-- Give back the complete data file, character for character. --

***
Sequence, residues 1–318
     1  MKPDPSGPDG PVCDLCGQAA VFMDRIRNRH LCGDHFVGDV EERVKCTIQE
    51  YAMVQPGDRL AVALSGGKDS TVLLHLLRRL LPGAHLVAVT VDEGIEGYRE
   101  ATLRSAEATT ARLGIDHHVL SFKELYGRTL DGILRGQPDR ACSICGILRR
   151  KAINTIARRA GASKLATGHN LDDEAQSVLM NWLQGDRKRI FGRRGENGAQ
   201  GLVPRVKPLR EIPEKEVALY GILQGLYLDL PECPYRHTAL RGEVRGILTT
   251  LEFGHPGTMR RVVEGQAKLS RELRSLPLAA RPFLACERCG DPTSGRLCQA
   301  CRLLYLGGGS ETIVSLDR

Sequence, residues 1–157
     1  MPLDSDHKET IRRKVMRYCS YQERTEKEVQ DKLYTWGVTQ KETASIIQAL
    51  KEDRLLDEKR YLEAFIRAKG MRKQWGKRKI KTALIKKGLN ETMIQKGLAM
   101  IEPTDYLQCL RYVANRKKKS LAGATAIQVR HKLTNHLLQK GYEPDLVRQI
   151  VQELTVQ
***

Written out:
Sequence, residues 1–318
     1  MKPDPSGPDG PVCDLCGQAA VFMDRIRNRH LCGDHFVGDV EERVKCTIQE
    51  YAMVQPGDRL AVALSGGKDS TVLLHLLRRL LPGAHLVAVT VDEGIEGYRE
   101  ATLRSAEATT ARLGIDHHVL SFKELYGRTL DGILRGQPDR ACSICGILRR
   151  KAINTIARRA GASKLATGHN LDDEAQSVLM NWLQGDRKRI FGRRGENGAQ
   201  GLVPRVKPLR EIPEKEVALY GILQGLYLDL PECPYRHTAL RGEVRGILTT
   251  LEFGHPGTMR RVVEGQAKLS RELRSLPLAA RPFLACERCG DPTSGRLCQA
   301  CRLLYLGGGS ETIVSLDR

Sequence, residues 1–157
     1  MPLDSDHKET IRRKVMRYCS YQERTEKEVQ DKLYTWGVTQ KETASIIQAL
    51  KEDRLLDEKR YLEAFIRAKG MRKQWGKRKI KTALIKKGLN ETMIQKGLAM
   101  IEPTDYLQCL RYVANRKKKS LAGATAIQVR HKLTNHLLQK GYEPDLVRQI
   151  VQELTVQ